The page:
inputting a desired pattern for the substrate; and
determining a plurality of non-overlapping variable shaped beam (VSB) shots, wherein the union of any subset of the plurality of VSB shots, each shot in the subset being oversized or being undersized or being the originally-determined size, is different than an OPC-corrected version of the desired pattern for the substrate.
22. The method of claim 21 further comprising:
calculating a calculated pattern on the surface from the plurality of VSB shots; and
revising the plurality of VSB shots and recalculating the calculated pattern if the calculated pattern differs from the OPC-corrected version of the desired pattern for the substrate by more than a predetermined tolerance.
23. The method of claim 21 wherein each VSB shot comprises a dose, and wherein the doses of the VSB shots are allowed to vary with respect to each other.
24. A system for fracturing or mask data preparation or proximity effect correction comprising:
an input device capable of receiving a desired pattern to be formed on a reticle; and
a computation device capable of determining a plurality of non-overlapping variable shaped beam (VSB) shots, wherein the union of any subset of the plurality of VSB shots, each shot in the subset being oversized or being undersized or being the originally-determined size, is different than the desired pattern.
25. The system of claim 24 wherein each VSB shot comprises a dose, and wherein the doses of the VSB shots are allowed to vary with respect to each other.
Description
RELATED APPLICATIONS

This application: 1) is a continuation-in-part of U.S. patent application Ser. No. 12/202,364 filed Sep. 1, 2008, entitled “Method And System For Manufacturing A Reticle Using Character Projection Particle Beam Lithography”; 2) is a continuation-in-part of U.S. patent application Ser. No. 12/473,241 filed May 27, 2009, entitled “Method For Manufacturing A Surface And Integrated Circuit Using Variable Shaped Beam Lithography”; 3) claims priority from U.S. Provisional Patent Application Ser. No. 61/225,207 filed Jul. 13, 2009, entitled “Method For Design And Manufacture Of A Reticle Using Variable Shaped Beam Lithography”; and 4) is related to U.S. patent application Ser. No. 12/540,328 entitled “Method For Design and Manufacture Of A Reticle Using A Two-Dimensional Dosage Map And Charged Particle Beam Lithography” filed on Aug. 12, 2009; all of which are hereby incorporated by reference for all purposes.

BACKGROUND OF THE DISCLOSURE

The present disclosure is related to lithography, and more particularly to the design and manufacture of a surface which may be a reticle, a wafer, or any other surface, using variable shaped beam (VSB) charged particle beam lithography.

In the production or manufacturing of semiconductor devices, such as integrated circuits, optical lithography may be used to fabricate the semiconductor devices. Optical lithography is a printing process in which a lithographic mask or photomask manufactured from a reticle is used to transfer patterns to a substrate such as a semiconductor or silicon wafer to create the integrated circuit. Other substrates could include flat panel displays or even other reticles. Also, extreme ultraviolet (EUV) or X-ray lithography are considered types of optical lithography. The reticle or multiple reticles may contain a circuit pattern corresponding to an individual layer of the integrated circuit, and this pattern can be imaged onto a certain area on the substrate that has been coated with a layer of radiation-sensitive material known as photoresist or resist. Once the patterned layer is transferred the layer may undergo various other processes such as etching, ion-implantation (doping), metallization, oxidation, and polishing. These processes are employed to finish an individual layer in the substrate. If several layers are required, then the whole process or variations thereof will be repeated for each new layer. Eventually, a combination of multiples of devices or integrated circuits will be present on the substrate. These integrated circuits may then be separated from one another by dicing or sawing and then may be mounted into individual packages. In the more general case, the patterns on the substrate may be used to define artifacts such as display pixels or magnetic recording heads.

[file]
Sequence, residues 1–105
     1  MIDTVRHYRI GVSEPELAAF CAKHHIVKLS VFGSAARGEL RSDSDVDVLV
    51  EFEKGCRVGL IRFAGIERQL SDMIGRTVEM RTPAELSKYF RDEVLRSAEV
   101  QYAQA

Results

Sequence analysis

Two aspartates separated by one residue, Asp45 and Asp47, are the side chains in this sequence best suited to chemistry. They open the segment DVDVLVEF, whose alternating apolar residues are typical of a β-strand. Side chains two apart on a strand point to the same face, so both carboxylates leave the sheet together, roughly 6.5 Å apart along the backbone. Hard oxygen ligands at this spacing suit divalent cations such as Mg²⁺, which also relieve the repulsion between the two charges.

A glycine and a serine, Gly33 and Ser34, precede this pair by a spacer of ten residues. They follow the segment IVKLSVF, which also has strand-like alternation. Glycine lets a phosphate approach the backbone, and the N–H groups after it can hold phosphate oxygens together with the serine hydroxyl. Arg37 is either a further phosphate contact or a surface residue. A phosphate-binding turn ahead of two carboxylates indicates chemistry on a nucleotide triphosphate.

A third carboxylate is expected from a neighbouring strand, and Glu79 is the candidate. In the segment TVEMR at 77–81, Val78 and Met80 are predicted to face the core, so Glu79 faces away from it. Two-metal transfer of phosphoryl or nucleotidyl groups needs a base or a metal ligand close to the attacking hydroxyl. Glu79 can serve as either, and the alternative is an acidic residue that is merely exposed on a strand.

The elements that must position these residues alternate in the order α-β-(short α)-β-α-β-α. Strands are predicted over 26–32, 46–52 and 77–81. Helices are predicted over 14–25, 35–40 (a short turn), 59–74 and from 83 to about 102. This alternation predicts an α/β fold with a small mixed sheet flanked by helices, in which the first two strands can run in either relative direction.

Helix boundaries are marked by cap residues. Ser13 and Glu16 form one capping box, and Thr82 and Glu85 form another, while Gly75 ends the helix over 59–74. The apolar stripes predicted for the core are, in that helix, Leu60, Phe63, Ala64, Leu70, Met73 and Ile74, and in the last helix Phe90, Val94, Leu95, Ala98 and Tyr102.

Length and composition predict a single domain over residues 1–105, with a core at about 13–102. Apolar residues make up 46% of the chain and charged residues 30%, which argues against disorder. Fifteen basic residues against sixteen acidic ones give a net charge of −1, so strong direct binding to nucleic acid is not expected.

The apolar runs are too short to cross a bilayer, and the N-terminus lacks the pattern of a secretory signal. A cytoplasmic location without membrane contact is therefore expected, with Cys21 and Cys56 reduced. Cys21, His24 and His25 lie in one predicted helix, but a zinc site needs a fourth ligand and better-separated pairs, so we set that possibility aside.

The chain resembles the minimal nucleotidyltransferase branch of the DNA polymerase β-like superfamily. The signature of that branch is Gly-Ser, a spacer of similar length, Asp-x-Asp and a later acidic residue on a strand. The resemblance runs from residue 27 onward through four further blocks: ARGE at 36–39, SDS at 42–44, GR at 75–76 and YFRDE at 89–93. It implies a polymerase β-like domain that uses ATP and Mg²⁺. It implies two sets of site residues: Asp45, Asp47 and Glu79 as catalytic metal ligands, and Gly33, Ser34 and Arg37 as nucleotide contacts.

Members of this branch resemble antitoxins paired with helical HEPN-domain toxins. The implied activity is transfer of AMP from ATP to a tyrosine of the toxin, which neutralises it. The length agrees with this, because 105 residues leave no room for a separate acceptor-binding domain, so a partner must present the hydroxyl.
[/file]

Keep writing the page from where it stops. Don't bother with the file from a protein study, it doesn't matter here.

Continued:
In the production or manufacturing of semiconductor devices, such as integrated circuits, maskless direct write may also be used to fabricate the semiconductor devices. Maskless direct write is a printing process in which charged particle beam lithography is used to transfer patterns to a substrate such as a semiconductor or silicon wafer to create the integrated circuit. Other substrates could include flat panel displays, imprint masks for nano-imprinting, or even reticles. Desired patterns of a layer are written directly on the surface, which in this case is also the substrate. Once the patterned layer is transferred the layer may undergo various other processes such as etching, ion-implantation (doping), metallization, oxidation, and polishing. These processes are employed to finish an individual layer in the substrate. If several layers are required, then the whole process or variations thereof will be repeated for each new layer. Some of the layers may be written using optical lithography while others may be written using maskless direct write to fabricate the same substrate. Eventually, a combination of multiples of devices or integrated circuits will be present on the substrate. These integrated circuits are then separated from one another by dicing or sawing and then mounted into individual packages. In the more general case, the patterns on the surface may be used to define artifacts such as display pixels or magnetic recording heads.